What are the disadvantages of an RIO?

As with all mortgages, if you cannot keep up repayments, your home may be at risk. You also have the inevitable selling of your home when you die or when you enter long-term care. Even though you will only have to pay interest-only, you will still have to pass the retirement mortgage affordability checks, which is why it is so important to speak to an expert advisor.

What is a lifetime mortgage?

A lifetime mortgage is also known as equity release, where homeowners over 55 can unlock some of the value in their homes. A set amount of money is borrowed against the value of your home as a long-term loan. The loan is then paid back with the money generated from the eventual sale of your property (in this way it is similar to RIOs).

How do I know if equity release is the right plan for me?

The benefits of equity release include:

  • Using the money generated to supplement your retirement income.
  • You continue to own your home for the duration of the plan.
  • The money released can be used in whatever way you require.

The disadvantages of equity release include:

  • Your home needs to be sold when you die or move into long-term care.
  • Taking out a lifetime mortgage can affect your tax position or means-tested benefits.
  • As interest is added, there may be no value left in your home at the end of the plan.
  • It might reduce your options for moving or selling your home.

It is important to be aware of the implications of a lifetime mortgage, please consult with our mortgage advisors to make sure this is the best plan for you.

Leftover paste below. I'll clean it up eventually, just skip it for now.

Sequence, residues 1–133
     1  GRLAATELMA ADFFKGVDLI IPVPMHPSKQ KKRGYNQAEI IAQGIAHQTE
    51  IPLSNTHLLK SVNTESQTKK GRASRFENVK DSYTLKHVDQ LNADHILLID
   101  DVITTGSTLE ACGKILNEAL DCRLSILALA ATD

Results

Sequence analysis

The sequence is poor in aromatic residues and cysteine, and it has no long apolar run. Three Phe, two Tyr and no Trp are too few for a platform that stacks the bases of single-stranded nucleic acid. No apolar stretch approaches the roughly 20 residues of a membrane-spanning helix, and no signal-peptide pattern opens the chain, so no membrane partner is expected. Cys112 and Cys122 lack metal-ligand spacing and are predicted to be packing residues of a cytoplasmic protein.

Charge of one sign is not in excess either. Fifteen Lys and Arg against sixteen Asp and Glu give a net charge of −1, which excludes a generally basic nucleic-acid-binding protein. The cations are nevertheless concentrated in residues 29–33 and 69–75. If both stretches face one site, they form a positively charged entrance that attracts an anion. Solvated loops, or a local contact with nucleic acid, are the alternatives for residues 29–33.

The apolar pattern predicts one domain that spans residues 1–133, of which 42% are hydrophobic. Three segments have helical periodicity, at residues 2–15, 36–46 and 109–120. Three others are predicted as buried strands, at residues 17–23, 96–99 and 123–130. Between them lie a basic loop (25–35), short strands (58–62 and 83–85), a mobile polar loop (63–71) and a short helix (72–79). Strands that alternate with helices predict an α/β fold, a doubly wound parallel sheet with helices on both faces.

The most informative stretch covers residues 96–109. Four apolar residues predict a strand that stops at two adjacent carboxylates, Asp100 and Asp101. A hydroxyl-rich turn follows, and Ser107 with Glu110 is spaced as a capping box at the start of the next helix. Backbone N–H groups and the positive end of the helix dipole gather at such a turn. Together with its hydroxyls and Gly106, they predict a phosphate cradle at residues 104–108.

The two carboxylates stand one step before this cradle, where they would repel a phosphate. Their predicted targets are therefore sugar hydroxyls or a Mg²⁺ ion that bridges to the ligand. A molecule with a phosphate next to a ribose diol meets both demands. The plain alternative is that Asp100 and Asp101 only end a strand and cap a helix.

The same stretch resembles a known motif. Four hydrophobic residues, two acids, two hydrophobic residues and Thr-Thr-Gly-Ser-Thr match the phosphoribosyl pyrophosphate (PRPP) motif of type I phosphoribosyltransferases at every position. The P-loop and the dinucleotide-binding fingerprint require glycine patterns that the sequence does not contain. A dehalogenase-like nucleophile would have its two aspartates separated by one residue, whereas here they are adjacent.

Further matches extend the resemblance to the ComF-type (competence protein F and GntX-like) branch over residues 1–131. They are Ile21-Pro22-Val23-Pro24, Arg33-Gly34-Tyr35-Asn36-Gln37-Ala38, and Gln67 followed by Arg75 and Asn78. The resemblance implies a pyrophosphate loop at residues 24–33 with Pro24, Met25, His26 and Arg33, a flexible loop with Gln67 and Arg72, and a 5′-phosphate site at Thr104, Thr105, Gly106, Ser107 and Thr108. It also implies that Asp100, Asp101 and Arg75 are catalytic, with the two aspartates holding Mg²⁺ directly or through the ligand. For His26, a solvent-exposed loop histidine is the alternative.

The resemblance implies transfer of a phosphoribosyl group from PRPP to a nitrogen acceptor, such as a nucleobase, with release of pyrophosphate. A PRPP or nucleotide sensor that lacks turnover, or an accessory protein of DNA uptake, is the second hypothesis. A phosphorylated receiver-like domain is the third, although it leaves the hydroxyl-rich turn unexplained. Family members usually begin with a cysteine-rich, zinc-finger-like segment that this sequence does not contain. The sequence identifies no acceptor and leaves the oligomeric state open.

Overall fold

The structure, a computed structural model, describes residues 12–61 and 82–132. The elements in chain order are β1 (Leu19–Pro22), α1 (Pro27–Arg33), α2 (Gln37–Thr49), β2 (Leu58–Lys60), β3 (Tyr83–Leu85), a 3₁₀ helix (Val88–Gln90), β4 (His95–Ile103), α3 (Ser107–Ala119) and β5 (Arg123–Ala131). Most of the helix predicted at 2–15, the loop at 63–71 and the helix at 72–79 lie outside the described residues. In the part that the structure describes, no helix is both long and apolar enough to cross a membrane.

Is hybrid equity release better for me than full equity release?

Hybrid equity release is a middle ground between a full retirement mortgage and an interest-only mortgage, where you pay an agreed percentage of the mortgage off each month as well as the interest using a repayment plan. When this period comes to an end, you’ll still have an outstanding balance to pay on the property. A bonus of this that you keep more value in the property, however, you will also have to be able to afford the higher repayment rates and be subject to affordability checks.

What is home reversion?

A home reversion scheme means you’ll be selling either some, or all of your property under market value, in exchange for a tax-free payout, a monthly income over time, or a mix of the two. You remain in your house as a rent-free tenant. Unfortunately though, as you don’t own the house (or all of it), you could be forced to move in certain situations.

Can you help me with my decision?

At CS Mortgage Solutions, we have decades worth of experience and a team committed to excellent customer care and finding the right retirement mortgage solution for you. We make the process easy by contacting solicitors, and even negotiating on your behalf, all as part of our friendly and straightforward service.

Make a quick and easy booking on our easy enquiry form, email us at info@csmortgagesolutions.co.uk or give us a call today on 0330 332 5432.